Playwright Lynn Nottage’s RUINED won the 2009 Pulitzer Prize Award for Drama. The story looks at the Congo Civil War from a brothel perspective. Mama Nardi (played fiercely by TayLar) negotiates her survival by serving both sides. She sells her booze or girls to any man, rebel or soldier, for money or diamonds. The story, based on interviews in Africa, is riveting. When the definition of ‘ruined’ is revealed, the expose on the brutality of men against women is horrifying. The war on women by strangers and kin is unconscionable.
Nottage’s premise is a shocker. The Eclipse production doesn’t always actualize that nightmare reality. Under the direction of Aaron Todd Douglas, the danger is intermittent. In the first act, the bar scenes are more carousing than threatening. The gals shake their booties as the guys fondle them. These activities are taking place all around Scenic Designer Kevin Hagan’s impressive multi-level bar. Gawking at the debauchery in every corner pulls focus from the actual conversation taking place. The movement of the large ensemble in and out and all around the bar makes the scenes unruly but not menacing. The pace is clunky. The second act is much more intense. Confessions and machetes make heartbreaking appearances. The high stakes are established. The tension is sweltering.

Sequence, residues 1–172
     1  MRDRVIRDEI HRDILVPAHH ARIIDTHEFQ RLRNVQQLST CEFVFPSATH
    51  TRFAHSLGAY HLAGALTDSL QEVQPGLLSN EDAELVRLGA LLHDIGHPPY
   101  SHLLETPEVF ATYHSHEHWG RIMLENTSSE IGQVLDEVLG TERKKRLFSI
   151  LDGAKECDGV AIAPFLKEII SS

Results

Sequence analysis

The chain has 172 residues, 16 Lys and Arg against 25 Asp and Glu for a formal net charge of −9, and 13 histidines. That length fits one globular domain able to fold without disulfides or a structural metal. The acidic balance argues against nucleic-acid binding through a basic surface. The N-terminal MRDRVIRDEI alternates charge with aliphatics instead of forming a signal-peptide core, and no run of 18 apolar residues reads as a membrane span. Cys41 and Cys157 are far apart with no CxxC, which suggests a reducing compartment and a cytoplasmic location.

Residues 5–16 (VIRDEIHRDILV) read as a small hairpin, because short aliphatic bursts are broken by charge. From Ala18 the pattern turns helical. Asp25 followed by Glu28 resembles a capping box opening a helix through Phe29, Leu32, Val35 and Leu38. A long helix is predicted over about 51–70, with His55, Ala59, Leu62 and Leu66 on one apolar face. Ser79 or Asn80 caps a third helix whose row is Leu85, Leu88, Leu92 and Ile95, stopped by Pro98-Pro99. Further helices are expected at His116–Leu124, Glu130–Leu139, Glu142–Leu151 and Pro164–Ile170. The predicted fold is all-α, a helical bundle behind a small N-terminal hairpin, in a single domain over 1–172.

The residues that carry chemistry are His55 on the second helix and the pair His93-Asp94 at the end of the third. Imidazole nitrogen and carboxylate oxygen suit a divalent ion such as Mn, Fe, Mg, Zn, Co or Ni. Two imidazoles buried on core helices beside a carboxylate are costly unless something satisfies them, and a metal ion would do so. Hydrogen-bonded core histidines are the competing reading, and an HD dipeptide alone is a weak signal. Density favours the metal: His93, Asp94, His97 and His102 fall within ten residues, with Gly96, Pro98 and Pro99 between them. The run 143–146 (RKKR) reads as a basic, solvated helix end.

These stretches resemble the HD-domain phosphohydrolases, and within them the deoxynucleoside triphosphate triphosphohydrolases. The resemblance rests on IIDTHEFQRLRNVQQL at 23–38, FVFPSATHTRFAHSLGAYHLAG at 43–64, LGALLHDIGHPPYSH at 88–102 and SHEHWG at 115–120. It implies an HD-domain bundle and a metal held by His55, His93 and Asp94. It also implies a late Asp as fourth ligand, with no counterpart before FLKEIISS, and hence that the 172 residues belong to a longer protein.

TayLar commands the stage. She delivers a strong tough-talking, soft-hearted and business-minded persona. TayLar and Andre Teamer (Christian) spar together with familiar collusion and conflict. The charismatic Teamer slyly plays TayLar to change her mind… continuously. Although there are plenty of men in this hostile environment, RUINED is about the female casualties of war. Both the spunky Celeste M. Cooper (Josephine) and the fragile Krystal Mosley (Sophie) have poignant bittersweet moments. And BrittneyLove Smith (Salima) is unforgettably haunting. In a gripping soliloquy, Smith remembers the day her life changed forever. Smith is beautifully tragic.
RUINED is an important story to be told, to be heard, to be understood. The atrocities inflicted on these women are the kind of wrong that we need to make right.
Running Time: Two hours and twenty minutes includes an intermission
At Athenaeum Theatre, 2936 N. Southport
Written by Lynn Nottage
Directed by Aaron Todd Douglas
Thursdays, Fridays and Saturdays at 7:30pm
Sundays at 2pm
Thru May 25th
Buy Tickets at www.eclipsetheatre.com
Production photo by Tim Knight